How do chocolate chips somewhat hold their shape and not completely melt while being baked in chocolate chip cookies?


How do chocolate chips somewhat hold their shape and not completely melt while being baked in chocolate chip cookies?

In: Chemistry

They do melt. I’m guess their “shape” is maintained by the dough surrounding the chip as it bakes, does that make sense??

They do usually melt completely. You can see that pretty easily if you break open a cookie right out of the oven, the chocolate will spill out (though not super quickly, since melted chocolate is still pretty viscous).

They still keep their shape in the cookie because when they melt, they’re still surrounded by cookie dough (which doesn’t melt), so there’s nowhere for the melted chocolate to go. It’s just a ball of melted chocolate in a chip-shaped hole in the solid cookie dough, so it sits there. Then when the cookie cools down, the chocolate solidifies again into something vaguely chip-shaped.

The percentage of cocoa butter in a chocolate also determines melting point and viscosity. Chocolate with a lower percentage of cocoa butter (milk chocolate/cheaper chocolate than the dark 60-80%) will thus hold its form better instead of leaking out into the sorrounding dough.

I learned this after watching Alex French Guy Cooking struggling with [his Pain au Chocolat]( where he used chocolate with high cocoa butter content and a lot of the chocolate leaked out.

I actually know this one!

Chocolate chips have a lower percentage of cacao butter in them, less butter means less fat, and less fat means they don’t spread nearly as much when they melt. They were actually designed this way, and ironically, the property that lets them hold their shape also makes them inferior chocolate. Chocolate chips are usually some of the worst chocolate you can find in a grocery store.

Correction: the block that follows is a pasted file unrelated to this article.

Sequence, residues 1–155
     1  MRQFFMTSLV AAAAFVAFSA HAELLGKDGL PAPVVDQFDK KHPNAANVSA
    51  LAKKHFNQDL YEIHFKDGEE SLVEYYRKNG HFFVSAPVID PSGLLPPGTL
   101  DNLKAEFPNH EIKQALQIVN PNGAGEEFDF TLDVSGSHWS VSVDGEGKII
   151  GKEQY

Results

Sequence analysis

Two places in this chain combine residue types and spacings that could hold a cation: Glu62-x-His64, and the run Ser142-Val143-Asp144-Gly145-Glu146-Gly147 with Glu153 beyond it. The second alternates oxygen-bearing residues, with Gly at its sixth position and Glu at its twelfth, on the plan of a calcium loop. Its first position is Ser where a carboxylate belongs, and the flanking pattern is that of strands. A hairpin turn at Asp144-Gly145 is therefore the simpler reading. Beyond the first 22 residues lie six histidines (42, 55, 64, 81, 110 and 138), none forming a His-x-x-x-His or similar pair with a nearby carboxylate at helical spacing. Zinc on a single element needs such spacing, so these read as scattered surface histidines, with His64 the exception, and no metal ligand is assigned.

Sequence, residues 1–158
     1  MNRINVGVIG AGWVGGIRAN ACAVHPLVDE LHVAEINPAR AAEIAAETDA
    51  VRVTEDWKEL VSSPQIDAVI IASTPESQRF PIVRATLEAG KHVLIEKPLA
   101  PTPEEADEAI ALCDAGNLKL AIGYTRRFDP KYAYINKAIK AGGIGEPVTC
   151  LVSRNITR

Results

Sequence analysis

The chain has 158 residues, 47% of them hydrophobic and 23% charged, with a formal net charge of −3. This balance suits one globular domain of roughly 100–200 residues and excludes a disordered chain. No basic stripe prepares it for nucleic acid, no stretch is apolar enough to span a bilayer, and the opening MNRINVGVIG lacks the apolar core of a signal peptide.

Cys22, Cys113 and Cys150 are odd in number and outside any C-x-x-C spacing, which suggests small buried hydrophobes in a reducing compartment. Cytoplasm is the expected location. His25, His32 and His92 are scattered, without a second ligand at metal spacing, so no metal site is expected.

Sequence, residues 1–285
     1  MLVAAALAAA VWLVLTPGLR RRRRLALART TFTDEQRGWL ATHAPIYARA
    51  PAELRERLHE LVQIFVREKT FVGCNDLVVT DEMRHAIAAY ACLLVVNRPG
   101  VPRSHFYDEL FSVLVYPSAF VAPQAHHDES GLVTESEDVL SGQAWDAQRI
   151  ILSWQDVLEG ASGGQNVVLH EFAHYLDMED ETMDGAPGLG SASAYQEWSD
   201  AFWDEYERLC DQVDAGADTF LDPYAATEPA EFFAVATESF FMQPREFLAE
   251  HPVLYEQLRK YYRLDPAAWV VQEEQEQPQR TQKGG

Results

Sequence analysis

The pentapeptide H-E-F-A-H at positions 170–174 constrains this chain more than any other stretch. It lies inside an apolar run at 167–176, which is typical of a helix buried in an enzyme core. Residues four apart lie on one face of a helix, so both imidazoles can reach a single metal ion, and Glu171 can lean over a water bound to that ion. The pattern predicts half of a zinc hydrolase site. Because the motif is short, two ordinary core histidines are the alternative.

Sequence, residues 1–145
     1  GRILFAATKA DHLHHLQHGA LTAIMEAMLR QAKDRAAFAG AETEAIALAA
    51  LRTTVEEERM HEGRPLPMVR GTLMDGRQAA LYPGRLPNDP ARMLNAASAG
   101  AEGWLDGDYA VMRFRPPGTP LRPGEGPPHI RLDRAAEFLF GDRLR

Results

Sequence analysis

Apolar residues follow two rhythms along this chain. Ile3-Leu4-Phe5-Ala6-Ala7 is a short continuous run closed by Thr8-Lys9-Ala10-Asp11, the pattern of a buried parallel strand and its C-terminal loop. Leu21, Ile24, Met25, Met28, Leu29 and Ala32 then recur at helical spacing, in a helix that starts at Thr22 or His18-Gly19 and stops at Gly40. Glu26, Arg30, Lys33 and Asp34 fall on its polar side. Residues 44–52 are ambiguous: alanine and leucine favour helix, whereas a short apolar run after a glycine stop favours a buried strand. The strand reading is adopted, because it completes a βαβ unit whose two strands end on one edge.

There are actually specialized kinds of chocolate for different applications in cooking. Chocolate chips are a low-tier, home chef item, but on the other end of the spectrum is a type called couverture chocolate, which is generally a much higher-quality chocolate with a very high percentage of cacao butter. Couverture chocolate will often come with a fluidity measurement as well, meaning some couverture is designed to be cast as bars or mixed into truffles, while other couverture has been formulated to melt into a very thin liquid that’s perfect for coating.

Fun fact, you can manually thin melted chocolate chips with cacao butter (which can be bought separately), so it technically becomes couverture chocolate… but the difference in quality is immediately apparent. Chocolate has a range of flavors and the nicer stuff is expertly crafted to have a certain flavor profile. Bigger chocolate producers like Valrhona, Amedei, and (my favorite) Cacao Barry actually make dozens of different kinds of couverture chocolate so you can get the exact flavor you want.

They have a bit of wax in them that helps them hold their shape. You can see it if you try making hot chocolate using chocolate chips instead of a powder mix or baking chocolate.